Tuesday, October 5, 2021

Underrated Classical Musicians: Eliahu Inbal II

 So there are three Don Carlo's on youtube from Abbado in '68, Inbal in '69, and Levine in '71. Right at the beginning of their careers. All three of them are great, and all with magnificent casts you could never find today, but play certain parts of them back to back, and Inbal, by far the least celebrated, is easily the most idiomatic. Levine, as all through his career, backs his considerable grasp of the Verdi idiom with a weird amount of of Remington steel. Abbado is also great, but he's weirdly manic for the most understated of all maestrissimi - at times he can even sound like Muti (albeit better...); but just as in Mahler, Inbal is the most accomplished and perceptive of the three. The Verona orchestra sounds like Verdi in a way Abbado can't even get La Scala to sound.

Inbal simply inhabits Verdi authentically, follows the singers without making a fetish of it, and gives us the 'why' of every note as well as the what, with rubato that is always present but never exaggerated. The orchestral attacks are deliberately spread out rather than precisely on the beat, Inbal is exactly with the singers but not to the point that it sounds regimented. Orchestral sound is transparent, but not fetishistically so. The virtuoso runs in the strings sound not like a digital reproduction of notes but, as they should, like a flying smear. The performance simply glows, or better yet, smolders, with the fire of an auto da fe.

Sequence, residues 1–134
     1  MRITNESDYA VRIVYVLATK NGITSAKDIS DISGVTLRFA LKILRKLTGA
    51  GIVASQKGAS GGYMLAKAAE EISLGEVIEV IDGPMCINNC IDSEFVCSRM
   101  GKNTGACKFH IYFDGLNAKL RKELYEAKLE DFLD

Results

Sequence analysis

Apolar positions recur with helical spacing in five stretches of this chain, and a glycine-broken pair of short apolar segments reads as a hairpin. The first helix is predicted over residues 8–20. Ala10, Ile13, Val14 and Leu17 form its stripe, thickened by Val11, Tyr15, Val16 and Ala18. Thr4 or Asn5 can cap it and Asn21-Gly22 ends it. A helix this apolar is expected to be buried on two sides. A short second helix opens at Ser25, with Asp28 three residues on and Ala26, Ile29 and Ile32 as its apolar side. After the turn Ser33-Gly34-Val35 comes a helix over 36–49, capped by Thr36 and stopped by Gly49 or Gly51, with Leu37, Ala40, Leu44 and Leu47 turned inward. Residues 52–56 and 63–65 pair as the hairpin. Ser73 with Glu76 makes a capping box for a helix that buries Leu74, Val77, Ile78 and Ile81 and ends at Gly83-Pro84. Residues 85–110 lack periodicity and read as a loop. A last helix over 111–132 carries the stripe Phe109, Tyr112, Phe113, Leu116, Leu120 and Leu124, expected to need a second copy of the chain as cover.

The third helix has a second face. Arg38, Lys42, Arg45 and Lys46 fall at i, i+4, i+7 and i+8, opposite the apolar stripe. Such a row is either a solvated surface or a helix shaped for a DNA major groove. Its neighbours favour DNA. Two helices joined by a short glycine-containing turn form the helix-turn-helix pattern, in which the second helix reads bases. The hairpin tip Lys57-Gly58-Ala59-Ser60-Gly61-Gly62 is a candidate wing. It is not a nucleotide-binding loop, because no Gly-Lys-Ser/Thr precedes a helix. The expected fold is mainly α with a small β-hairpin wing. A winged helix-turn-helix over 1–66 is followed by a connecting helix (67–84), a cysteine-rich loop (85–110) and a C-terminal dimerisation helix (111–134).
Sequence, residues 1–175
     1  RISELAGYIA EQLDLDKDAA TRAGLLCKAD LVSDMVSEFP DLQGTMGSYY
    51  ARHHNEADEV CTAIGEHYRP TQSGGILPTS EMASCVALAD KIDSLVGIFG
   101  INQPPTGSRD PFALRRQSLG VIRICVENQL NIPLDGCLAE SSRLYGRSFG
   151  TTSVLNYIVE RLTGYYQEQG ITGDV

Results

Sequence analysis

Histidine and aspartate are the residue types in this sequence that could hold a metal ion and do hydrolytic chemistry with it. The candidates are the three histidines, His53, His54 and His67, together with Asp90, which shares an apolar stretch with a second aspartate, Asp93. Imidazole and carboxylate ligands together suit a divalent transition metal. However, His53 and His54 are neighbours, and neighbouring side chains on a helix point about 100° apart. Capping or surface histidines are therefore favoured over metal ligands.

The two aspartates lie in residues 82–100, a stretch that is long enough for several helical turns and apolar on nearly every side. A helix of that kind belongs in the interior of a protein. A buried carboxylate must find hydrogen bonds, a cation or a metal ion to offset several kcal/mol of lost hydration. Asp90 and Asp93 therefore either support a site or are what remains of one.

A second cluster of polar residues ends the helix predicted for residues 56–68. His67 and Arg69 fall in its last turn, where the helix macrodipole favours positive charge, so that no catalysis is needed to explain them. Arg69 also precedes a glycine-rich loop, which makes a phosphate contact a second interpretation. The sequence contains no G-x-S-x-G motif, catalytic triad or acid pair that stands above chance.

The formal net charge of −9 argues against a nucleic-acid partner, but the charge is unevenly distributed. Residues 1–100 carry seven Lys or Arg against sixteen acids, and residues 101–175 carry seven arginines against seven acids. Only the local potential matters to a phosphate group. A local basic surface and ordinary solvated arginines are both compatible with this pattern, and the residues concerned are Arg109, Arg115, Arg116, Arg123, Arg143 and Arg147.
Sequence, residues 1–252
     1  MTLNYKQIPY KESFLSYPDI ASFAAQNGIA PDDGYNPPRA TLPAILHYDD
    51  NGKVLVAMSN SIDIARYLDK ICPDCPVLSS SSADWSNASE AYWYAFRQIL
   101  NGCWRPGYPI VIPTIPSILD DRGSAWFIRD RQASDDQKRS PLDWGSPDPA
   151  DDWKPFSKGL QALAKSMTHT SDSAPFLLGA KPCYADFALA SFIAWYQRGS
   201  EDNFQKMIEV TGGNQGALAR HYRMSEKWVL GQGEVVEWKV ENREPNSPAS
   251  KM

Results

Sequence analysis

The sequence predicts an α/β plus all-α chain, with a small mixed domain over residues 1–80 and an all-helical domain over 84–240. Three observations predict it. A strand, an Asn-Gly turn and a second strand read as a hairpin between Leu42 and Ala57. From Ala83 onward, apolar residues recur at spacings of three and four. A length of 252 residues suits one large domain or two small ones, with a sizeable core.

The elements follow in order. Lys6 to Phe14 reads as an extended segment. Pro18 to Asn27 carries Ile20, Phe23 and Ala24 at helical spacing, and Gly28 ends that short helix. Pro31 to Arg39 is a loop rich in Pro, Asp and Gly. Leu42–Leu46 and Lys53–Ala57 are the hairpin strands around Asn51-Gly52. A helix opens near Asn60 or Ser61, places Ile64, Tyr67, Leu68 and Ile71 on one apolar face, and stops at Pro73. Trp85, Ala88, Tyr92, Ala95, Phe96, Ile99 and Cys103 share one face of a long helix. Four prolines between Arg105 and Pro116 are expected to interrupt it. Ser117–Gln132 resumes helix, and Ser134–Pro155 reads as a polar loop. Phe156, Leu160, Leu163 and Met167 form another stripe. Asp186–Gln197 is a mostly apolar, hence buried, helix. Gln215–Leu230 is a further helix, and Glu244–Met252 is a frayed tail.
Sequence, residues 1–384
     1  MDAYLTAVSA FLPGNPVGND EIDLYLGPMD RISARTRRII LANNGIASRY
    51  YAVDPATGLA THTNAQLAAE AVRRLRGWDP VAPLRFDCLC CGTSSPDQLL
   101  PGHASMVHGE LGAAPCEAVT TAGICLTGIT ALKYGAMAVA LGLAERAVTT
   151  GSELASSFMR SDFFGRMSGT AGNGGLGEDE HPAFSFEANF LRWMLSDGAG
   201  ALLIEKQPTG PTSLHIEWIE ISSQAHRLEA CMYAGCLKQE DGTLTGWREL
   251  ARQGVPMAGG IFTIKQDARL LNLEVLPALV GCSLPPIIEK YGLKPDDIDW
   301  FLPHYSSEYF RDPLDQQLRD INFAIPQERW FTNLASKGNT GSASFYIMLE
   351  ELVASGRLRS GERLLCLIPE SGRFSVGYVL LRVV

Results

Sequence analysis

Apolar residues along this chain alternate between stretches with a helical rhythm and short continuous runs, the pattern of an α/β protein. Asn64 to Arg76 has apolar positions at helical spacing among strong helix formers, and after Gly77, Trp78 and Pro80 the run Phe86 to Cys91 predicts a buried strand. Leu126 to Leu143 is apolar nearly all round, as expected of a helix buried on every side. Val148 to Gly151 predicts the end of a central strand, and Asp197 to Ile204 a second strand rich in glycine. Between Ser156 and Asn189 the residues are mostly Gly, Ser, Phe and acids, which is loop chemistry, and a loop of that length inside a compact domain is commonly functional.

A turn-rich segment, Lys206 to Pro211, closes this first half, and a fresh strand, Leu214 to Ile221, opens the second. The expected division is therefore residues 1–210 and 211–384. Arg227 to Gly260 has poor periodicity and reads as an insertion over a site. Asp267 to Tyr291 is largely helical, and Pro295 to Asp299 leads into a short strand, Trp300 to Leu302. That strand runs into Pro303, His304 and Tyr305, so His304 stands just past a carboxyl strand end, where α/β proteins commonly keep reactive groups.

Don Carlo is not a natural sell for me - so many of its plot devices are incredibly stupid and a lot of numbers don't need to be there, but we should expect Jewish musicians to reserve a special amount of devotion to an opera about the Spanish Inquisition that takes it seriously. Very few performances conjure this sepulchral vividness of the oppressive state and the chiaroscuro inherent in fanaticism's hold on entire centuries. Inbal has, one and all, great soloists (I said what I said), but it is Inbal who sets the tone here, and in his early 30s creates something that equals the greats of any generation.


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